The razory hip Charlie sallies forth from a hateful adolescence to find sex, self-awareness and then, in its many guises, the thing called love.
Early in Halston’s tale, Charlie has a black sheep tattooed on her back, but that’s more a wish than a reality. Living with an abusive aunt after the death of her parents, she is a smart, reflective creature–post-Goth, baleful and brooding with a long streak of bookish bohemianism–though she displays little smarts when she falls for the tattoo artist. The emotional pain that Charlie experiences is beveled as Halston seesaws the chapters, touching down at the aunt’s house, then eight years later when Charlie has her own bookstore, and between, the now charged, now dolorous years. The author keeps the scale intimate so readers see the events of Charlie’s life up close, from the slap of her aunt reddening her cheek to raw, yet fruitful, discussions with her friends regarding her sexual orientation: â€œWhat a gentlemanly feminist you’ve become,” chides one, as Charlie explores her lesbian leanings. The air of the book is sweet but not saccharine, emotionally generous, allowing Charlie to be uncompromising and independent and then tyrannized by her love life, idiosyncratic in her brainy verve, then willing to step back and look at the effluvia of her suburban existence. Halston lets the characters’ actions speak for them and, as a result, well-rounded personalities emerge. Charlie is a gem–a hard-bitten gem for sure–if calculatingly available. Books are her savior, despite the fact that she has to sell them. Customers suck. â€œDon’t you just hate people?” her boss asks at one point. â€œYes. Yes, I do,” says Charlie.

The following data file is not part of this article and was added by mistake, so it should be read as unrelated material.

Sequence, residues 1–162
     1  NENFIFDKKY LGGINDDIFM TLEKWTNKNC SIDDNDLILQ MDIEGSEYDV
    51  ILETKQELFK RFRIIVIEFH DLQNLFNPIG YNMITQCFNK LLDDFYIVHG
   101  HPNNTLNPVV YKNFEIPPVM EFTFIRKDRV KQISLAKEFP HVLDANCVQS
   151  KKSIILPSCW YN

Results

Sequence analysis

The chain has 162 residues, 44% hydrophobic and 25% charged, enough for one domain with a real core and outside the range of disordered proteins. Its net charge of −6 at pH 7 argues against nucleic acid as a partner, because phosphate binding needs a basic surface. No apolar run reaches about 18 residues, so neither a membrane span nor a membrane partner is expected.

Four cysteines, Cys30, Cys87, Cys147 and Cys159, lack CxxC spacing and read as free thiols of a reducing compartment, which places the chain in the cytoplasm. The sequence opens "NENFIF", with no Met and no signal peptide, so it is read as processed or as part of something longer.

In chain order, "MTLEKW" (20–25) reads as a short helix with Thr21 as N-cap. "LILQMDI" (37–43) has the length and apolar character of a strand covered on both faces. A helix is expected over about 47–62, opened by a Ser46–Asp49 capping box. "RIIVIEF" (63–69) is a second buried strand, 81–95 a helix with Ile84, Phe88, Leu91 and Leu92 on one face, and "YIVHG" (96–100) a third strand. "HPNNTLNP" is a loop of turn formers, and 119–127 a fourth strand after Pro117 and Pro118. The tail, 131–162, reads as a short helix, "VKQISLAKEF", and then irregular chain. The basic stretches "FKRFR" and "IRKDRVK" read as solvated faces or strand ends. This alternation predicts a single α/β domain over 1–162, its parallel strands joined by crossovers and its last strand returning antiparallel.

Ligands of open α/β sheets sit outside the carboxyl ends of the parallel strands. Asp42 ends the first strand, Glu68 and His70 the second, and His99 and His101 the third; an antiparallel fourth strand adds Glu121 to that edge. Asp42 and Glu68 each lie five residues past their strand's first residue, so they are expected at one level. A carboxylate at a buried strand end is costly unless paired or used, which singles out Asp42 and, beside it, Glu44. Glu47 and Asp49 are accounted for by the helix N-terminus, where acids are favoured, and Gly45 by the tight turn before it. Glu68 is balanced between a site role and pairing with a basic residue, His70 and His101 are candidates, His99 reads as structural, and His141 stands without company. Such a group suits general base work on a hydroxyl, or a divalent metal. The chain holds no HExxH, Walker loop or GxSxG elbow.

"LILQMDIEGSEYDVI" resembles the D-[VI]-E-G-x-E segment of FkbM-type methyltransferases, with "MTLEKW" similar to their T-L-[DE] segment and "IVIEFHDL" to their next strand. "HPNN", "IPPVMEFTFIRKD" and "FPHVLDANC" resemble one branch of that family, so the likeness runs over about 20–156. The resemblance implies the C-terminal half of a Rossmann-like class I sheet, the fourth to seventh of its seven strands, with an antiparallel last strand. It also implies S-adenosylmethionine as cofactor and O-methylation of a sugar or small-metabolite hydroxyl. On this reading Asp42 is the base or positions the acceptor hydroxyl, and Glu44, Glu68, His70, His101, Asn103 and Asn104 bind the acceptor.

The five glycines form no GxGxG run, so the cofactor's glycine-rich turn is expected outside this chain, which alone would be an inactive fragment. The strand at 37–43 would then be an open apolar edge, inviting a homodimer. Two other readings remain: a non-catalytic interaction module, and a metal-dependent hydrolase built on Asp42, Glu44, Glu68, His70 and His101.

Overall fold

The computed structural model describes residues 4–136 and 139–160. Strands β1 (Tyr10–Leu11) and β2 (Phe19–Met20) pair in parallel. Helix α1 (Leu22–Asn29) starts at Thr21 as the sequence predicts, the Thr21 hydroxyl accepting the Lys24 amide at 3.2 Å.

A lovely piece of female confessional.